Why does a minus for a minus give a plus?

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views Since school times, everyone is familiar with this rule of arithmetic: multiplication of numbers with different signs gives a negative result, and with the same — positive. And many wondered: why does a minus for a minus give a plus? In many schools, this fact was left without explanation and the students took it for granted. Today we will figure out why a minus for a minus gives a plus.

Let’s go through the entire logical chain from start to finish. In ancient times, when arithmetic was just being formed, negative numbers did not exist, and all arithmetic operations appeared to simplify with the development of trade relations. Let’s imagine this situation: you worked for 5 days, earning \$ 10 a day, it is obvious that if you add up all the income you get: 10 + 10 + 10 + 10 + 10 = 50 or 10 * 5 = 50 dollars, thus , the multiplication operation appeared as an abbreviated notation for the sum.

Let’s say that later you decided to go to the store and it turned out that you collected \$ 60 worth of products, you agree with the seller that you will then have to give him the missing ten and he gives you a note where your debt is indicated. In total, you have 50-60 = -10 dollars on your balance. Thus, negative numbers appeared, denoting something that we give or owe. If the same situation repeats next week, then our debt will be 2 * (- 10) = — \$ 20, and from this it is already clear that multiplying a positive number by a negative one gives a minus, because several debts are actually summed up.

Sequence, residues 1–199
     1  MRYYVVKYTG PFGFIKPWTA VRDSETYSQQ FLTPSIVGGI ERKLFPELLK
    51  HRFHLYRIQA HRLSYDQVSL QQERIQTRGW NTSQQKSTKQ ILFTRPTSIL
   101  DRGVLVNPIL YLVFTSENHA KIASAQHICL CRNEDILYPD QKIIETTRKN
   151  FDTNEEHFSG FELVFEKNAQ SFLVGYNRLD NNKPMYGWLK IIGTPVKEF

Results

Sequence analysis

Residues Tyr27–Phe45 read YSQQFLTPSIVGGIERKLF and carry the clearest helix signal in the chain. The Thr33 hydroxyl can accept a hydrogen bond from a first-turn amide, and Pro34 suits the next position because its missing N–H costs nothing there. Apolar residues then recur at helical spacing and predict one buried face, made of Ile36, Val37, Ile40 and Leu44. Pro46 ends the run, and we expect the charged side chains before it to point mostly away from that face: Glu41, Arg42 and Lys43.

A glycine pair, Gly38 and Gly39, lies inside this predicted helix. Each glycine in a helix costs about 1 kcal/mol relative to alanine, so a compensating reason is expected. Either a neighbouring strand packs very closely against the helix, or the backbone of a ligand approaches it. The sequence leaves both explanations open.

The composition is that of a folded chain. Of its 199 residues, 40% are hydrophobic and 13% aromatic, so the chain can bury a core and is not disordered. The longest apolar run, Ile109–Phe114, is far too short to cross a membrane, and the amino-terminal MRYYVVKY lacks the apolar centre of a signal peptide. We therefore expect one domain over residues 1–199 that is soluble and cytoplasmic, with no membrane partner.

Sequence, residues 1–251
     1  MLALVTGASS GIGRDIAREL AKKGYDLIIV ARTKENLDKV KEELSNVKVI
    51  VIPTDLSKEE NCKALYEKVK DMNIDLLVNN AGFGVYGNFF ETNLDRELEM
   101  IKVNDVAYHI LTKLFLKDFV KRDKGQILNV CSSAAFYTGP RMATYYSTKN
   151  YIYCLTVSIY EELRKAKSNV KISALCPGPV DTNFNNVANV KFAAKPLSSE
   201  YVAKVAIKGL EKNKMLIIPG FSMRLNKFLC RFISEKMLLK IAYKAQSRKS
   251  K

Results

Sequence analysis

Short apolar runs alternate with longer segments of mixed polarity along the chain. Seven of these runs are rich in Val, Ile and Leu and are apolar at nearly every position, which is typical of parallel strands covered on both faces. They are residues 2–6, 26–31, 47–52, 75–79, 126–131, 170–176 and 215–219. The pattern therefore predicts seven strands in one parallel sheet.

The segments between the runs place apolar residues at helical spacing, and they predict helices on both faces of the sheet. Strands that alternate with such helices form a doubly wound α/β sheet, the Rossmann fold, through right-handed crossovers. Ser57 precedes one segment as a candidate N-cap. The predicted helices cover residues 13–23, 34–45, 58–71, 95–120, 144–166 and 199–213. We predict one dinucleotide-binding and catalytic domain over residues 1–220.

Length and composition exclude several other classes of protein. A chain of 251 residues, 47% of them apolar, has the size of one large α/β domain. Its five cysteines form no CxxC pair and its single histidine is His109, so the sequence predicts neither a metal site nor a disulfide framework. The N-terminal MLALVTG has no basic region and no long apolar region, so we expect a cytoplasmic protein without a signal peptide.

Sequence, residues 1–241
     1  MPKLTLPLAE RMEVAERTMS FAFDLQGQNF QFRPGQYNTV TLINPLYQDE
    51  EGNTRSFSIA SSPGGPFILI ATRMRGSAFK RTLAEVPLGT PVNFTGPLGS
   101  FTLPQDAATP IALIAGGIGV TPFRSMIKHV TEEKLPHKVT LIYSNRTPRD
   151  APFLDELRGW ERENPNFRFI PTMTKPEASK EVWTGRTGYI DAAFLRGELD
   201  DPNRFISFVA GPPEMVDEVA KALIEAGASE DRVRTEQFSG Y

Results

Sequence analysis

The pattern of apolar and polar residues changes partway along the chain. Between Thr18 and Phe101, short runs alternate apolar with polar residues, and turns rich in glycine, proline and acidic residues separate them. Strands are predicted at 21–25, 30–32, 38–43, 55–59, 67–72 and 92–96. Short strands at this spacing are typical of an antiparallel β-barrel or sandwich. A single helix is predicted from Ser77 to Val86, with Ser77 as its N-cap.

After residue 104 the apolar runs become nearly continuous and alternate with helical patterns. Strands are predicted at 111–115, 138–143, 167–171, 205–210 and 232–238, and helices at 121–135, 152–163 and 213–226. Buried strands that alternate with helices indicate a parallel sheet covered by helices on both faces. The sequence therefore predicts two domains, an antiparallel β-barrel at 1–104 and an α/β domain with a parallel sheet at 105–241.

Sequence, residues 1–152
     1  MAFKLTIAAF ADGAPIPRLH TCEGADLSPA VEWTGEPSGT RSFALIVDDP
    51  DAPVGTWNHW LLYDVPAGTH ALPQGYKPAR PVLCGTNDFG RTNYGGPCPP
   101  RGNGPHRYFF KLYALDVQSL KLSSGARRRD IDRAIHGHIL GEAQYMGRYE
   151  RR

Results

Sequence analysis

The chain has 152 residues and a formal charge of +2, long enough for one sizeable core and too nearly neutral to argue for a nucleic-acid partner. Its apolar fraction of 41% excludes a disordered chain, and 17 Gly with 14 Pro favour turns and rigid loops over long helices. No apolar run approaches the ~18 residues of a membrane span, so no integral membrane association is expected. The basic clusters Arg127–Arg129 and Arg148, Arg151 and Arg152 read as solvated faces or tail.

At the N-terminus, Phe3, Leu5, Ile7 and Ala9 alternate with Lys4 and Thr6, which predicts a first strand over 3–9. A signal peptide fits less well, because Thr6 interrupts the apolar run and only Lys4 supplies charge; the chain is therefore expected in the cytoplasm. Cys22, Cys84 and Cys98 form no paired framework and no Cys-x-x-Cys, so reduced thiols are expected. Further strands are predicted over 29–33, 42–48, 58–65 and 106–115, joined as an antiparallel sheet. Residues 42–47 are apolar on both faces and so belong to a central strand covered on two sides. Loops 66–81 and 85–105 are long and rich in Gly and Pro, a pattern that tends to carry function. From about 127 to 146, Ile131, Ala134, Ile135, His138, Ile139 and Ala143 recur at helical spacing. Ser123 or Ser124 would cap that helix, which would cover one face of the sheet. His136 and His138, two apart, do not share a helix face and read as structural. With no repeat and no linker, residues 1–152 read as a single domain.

Let a week later, when you have worked for another five days and have -10 + 5 * 10 = 40 dollars on your account, you met this seller, and he asks you for a certain service, and instead of paying for it, he offers to forgive the debt , this situation is described by the following expression: 40-1 * (- 10) because we give (therefore minus) one piece of paper with -10 dollars. It is logical that after that you will have 50 dollars on your balance, then the result of the above expression should be 50, which means that -1 * (- 10) should equal +10. It was on such ordinary experience that people once came to the conclusion that the product of two negative numbers should be equal to positive.

Let’s take another look at this issue from the point of view of pure mathematics: when negative numbers were introduced into it, scientists wanted the same mathematical operations to be valid for them as for natural numbers. One of them is parenthesis expansion: c * (a + b) = c * a + c * b is valid for any natural numbers. Now let’s check how this works for integers (positive integers + 0 + negative). Suppose we have the expression -3 * (6 + (- 6)), expand the brackets: we get -3 * 6 + (- 3) * (- 6), we already know that multiplying negative by positive gives a minus, so it will come out -18 + (- 3) * (- 6). Now let’s calculate the value of the same expression without opening the brackets: -3 (6 + (- 6)) = — 3 (6-6), it is clear that 6-6 = 0 and then -3 * 0 = 0, which means , and -18 + (- 3) * (- 6) = 0, then the product (-3) * (- 6) must equal 18 to restore balance.

Thus, the statement that minus by minus gives plus is not just an agreement between mathematicians, but has logical grounds.

Author: Vladislav Kigim. Edited by Fedor Karasenko.

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